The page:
Internet in Guatemala, What!?

Let’s just say that the lack of internet in my life has provided me with one of the largest life lessons; “stress doesn’t make it any easier.” Exercising patience is my new motto.

For the last 2.5 months I have not been able to really work. As the primary bread winner for my family, and living in a foreign country with limited opportunity to network, relying solely on my existing contracts and relationships, I require internet for my survival. We require internet for our survival.

1 month of that time was at Casa de Joyce in San Marcos and it was a frustrating mess of dropped and inconsistent service. We had upgraded the service to the highest package available,  but it was rendered useless over the last month (other than a few sporadic uploads and downloads here and there) during the rainy season. This was expected, but also wildly frustrating. (I should note that we are lucky TIGO 3G works regularly and were doing a lot of work from our phones by using it as a wifi hotspot).

Then we moved to Patziac. For a monster set up fee and a monster monthly fee, we were under the impression that we would actually be able to get some level of service. How wrong we were.

So, about a month ago – about 15 days after being patient – I started reaching out to Mayanet, who is our service provider and documenting every time the internet went out. We had about 3 days one week without internet, 1 of those days due to power outages at our house. The last 2-weeks have been an in and out series of “power outages” in San Pedro (I quote it because we look out the window and there are lights, but apparently our internet has its own power?), and a series of other excuses why we don’t have internet:

  • Reason 1: The weather (i.e. clouds) are interrupting the signal
  • Reason 2: A pinch in a wire bringing internet to San Pedro*
  • Reason 3: Power going out in San Pedro, “The infrastructure in San Pedro is messed up and old”
  • Reason 5: The backup system he installed and we paid for (meant to kick in when the normal internet goes out) runs out of money
  • Reason 4: He doesn’t know

Below is an overview of where we are to date. We have spent everything on the left and are committed to the Monthly Payments. Do we move forward with the new Pana Plan? Do I follow through with the My Plan? For a reference, here is what we are paying in monthly rental costs, improvements, etc. so it seems absolutely insane to virtually 3x that cost by adding in a permanent internet structure. But, it is one idea, and may end up being our only one to get consistent service.

The below portrait is a visual of  what our gorgeous house is going to end up having added to it, in order to support our internet need that Carlos has outlined through the Pana Plan. It is terrifying and locks us into this property. But it is a very intriguing and interesting visual.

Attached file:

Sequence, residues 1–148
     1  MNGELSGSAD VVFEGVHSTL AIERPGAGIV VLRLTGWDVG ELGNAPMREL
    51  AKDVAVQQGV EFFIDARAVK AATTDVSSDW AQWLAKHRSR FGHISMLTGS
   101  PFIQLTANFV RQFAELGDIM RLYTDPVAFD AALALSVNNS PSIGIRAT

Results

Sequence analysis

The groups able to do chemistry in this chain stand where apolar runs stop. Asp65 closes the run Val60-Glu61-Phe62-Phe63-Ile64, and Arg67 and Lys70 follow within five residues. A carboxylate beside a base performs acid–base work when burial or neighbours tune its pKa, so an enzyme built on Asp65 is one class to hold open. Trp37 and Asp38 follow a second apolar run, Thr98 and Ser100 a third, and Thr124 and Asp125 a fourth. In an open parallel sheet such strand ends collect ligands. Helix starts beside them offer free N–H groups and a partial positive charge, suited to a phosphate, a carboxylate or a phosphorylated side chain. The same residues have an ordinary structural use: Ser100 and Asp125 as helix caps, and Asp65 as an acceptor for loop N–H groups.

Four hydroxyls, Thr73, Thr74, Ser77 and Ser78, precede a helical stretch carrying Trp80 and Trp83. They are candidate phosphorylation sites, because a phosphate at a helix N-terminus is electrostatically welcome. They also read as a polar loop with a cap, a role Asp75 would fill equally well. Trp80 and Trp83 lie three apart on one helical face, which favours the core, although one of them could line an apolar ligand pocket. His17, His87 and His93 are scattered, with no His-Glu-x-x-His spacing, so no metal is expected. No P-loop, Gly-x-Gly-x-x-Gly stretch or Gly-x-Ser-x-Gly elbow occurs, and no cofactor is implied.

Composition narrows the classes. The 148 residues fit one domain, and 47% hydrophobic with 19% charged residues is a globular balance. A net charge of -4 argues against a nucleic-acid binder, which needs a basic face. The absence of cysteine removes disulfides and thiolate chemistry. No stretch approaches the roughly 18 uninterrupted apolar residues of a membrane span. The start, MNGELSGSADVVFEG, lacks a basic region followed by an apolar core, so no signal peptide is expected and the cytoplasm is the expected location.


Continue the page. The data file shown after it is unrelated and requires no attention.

Screen Shot 2014-11-11 at 1.59.50 PM

While I am not an expert, for shits and giggles, I decided to take matters into my own hands. I called TIGO and had a fantastic conversation in English with a sales rep there. We discussed some opportunities and it might be a potential to work out a situation with the TIGO company.

Funny story though: We don’t have an address here, so when the rep asked me what it was, I had to explain that we are our own little space, no street address, no street, etc, we have a walking path and water! So, he asked me for my coordinates. If you are planning on coming for a visit, you can now search by coordinate:

Area de Uso Multiple Cuenca de Lago Atitlán
Nahualá
14.731739, -91.226821

Casa de Patziac
Jabalito y Tzununa
Panajachel, Solola

Hell yeah. Surviving in Guatemala!

 

*I complained so much and Mayanet called the internet provider so much that the company Claro (yuck) actually ended up looking into the problem. It was effecting tons of people. What?! No one seemed to have a complaint except me? Crazy! I guess people just expect intermittent internet service in emerging countries.

Problems in Paradise? Nope, it’s just us.

Life is hard everywhere and requires real work to survive. There is no place left where issues don’t arise… we do know that. We are finding that the harder we push for something, the less likely it is to happen; likewise, the more we assume, the less likely any of those assumptions come true.

We are having tremendous issues with renting here. Not because the system is complicated, but because we are complicating the system. We can’t just roll with it and be simple. We have spent nearly 2 full weeks looking for a house to rent and when we found one that we loved we got into a war with one of the real estate agents, got our real estate agent to match the other agents price (which he was pissed about). Now we have been going back and forth with negotiation on the contract 3x, before receiving the cost of the internet service – It seems we have to rig an internet system across the lake which is going to cost us $1025 (USD) and $350 a month in support and service.